July 7th, 2013

Saint Mary Academy archers fare well at World Tournament

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Paul Najjar

Senior Writer


Saint Mary Academy archers fare well at World Tournament
The Saint Mary Academy archery team / photo from Kelley Schleg

John Horlander, a member of the Billy Reed Sports Journalism Academy, assisted with this story.

As an athlete, one's highest priority is to make it to the championship in your sport. For Saint Mary Academy’s elementary (fifth and sixth grade) and middle school (seventh and eighth grades) teams, the championship is the National Archery in the Schools Program (NASP) World Tournament.

After practicing every week and persevering through the entire season, the Saint Mary Academy Monarchs qualified for the 2013 World Archery Tournament in the elementary and middle school categories. The two teams all shot on Saturday and Sunday at the Edward Jones Dome in St. Louis, MO.

“We had forty kids entered in the World Tournament,” said St. Mary Academy head coach Kelley Schleg, who started the first Catholic school archery program at Our Mother of Good Counsel (since merged with other schools). “We had to qualify through a number of qualifying events. We had two teams qualify at the state level and both went to the national tournament. In order to get to the world tournament, we had to hit a qualifying rank at nationals. Our middle school team made the second qualifying score and our sixth grade team made the first qualifying score.”

In the echo of the dome the official would blow his whistle and the thunk of arrows against the target would then fill the arena as thousands of middle-school students each shot two quivers of five arrows. They first shot from 10 meters away, each student scoring well. Then when they moved back to 15 meters to shoot another two quivers, the true strength of each individual was tested.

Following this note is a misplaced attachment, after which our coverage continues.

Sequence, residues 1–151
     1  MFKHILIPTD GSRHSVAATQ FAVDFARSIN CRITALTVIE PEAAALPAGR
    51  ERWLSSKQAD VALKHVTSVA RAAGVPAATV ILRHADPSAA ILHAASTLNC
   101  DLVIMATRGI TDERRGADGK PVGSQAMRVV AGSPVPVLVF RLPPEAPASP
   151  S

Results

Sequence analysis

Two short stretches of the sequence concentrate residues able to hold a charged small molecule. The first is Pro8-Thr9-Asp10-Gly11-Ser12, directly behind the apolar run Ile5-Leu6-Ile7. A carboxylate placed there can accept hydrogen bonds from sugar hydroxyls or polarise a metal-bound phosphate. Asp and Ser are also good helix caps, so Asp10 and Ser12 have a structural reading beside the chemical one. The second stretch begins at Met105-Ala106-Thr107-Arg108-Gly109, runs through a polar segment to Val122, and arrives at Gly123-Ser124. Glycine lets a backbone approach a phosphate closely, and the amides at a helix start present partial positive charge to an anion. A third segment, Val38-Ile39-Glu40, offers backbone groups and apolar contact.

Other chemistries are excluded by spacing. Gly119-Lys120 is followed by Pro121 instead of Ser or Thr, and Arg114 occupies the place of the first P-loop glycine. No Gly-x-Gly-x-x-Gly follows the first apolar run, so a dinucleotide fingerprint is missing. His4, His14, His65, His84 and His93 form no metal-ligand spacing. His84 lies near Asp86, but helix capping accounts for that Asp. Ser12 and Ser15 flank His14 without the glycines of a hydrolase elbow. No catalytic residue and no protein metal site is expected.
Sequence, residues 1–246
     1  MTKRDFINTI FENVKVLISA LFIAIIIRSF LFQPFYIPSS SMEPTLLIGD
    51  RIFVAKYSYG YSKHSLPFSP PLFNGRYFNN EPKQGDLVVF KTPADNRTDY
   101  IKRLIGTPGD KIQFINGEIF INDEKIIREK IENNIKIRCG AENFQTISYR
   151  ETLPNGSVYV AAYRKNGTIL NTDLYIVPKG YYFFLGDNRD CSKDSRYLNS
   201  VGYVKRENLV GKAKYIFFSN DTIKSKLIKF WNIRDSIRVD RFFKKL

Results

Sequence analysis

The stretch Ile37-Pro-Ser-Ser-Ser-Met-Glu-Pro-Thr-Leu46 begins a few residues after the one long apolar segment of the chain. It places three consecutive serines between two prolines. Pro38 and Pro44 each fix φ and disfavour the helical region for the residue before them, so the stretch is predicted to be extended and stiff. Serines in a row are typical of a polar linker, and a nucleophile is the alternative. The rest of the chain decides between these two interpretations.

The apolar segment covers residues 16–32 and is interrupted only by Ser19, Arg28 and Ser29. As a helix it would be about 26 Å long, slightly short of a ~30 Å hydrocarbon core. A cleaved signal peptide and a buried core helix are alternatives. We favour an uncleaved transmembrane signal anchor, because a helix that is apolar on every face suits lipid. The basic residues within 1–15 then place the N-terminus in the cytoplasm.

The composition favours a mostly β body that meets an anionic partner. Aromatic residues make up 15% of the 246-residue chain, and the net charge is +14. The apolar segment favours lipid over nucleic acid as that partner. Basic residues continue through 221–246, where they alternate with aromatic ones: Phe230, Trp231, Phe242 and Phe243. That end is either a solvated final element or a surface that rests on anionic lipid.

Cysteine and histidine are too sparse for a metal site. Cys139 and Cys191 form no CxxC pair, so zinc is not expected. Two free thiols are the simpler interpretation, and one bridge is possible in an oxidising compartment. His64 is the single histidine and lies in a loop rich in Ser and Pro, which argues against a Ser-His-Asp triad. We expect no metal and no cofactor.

With 2,907 archers from 22 states and two Canadian provinces competing at the World Tournament, the Monarchs enjoyed a fair amount of success.

St. Mary Academy’s Patrick Letterle, an eighth grade student, shot in the top 15% of the tournament, adding to his middle school team's 55th place finish and 2,915 score. The other Monarch squad at the tournament, the elementary school team, finished in 27th place in their division and shot an impressive 3,018 total score.

Sixth grade student Rachel Zoeller scored 269 points and finished 32nd in her grade, 53th in her division and 234th overall. Zoeller’s sixth grade teammate Emily Leet finished 43rd in her grade, 68th in her division and 317th overall.

“We had forty kids entered in the World Championships,” said Schleg. “We had to qualify through a number of qualifying events. We had two teams qualify at the state level and both went to the national tournament. In order to get to the world tournament, we had to hit a qualifying rank at nationals. Our middle school team made the second qualifying score and our sixth grade team made the first qualifying score.

“Our sixth grade team shot very, very well,” Schleg continued. “Our gym was unavailable for us to practice due to renovations, so with that limited amount of practice those kids did really well. They performed at a fairly high level. Our 7th/8th grade team scored well, too.”

Schleg emphasized the uniqueness of the sport which allows so many to participate no matter how physically gifted a student may be.

“For so many of these kids it is the only sport in which they participate,” said Schleg. “It’s kind of like swimming in that they achieve on their own merit but the points go to the whole team and the kids love contributing that way. They don’t have to be a fast runner or the quickest on the basketball court. They can compete in this sport and do well no matter their size or physical talents. And this really builds their self-confidence. It gives kids an opportunity to do things they would never have a chance to experience like competing in the world tournament.”

The world tournament was the third largest of the year behind only the Kentucky State tournament (4,250 students) and the 2013 NASP (National Archery in the Schools Program) National tournament (9,426 students). 

 

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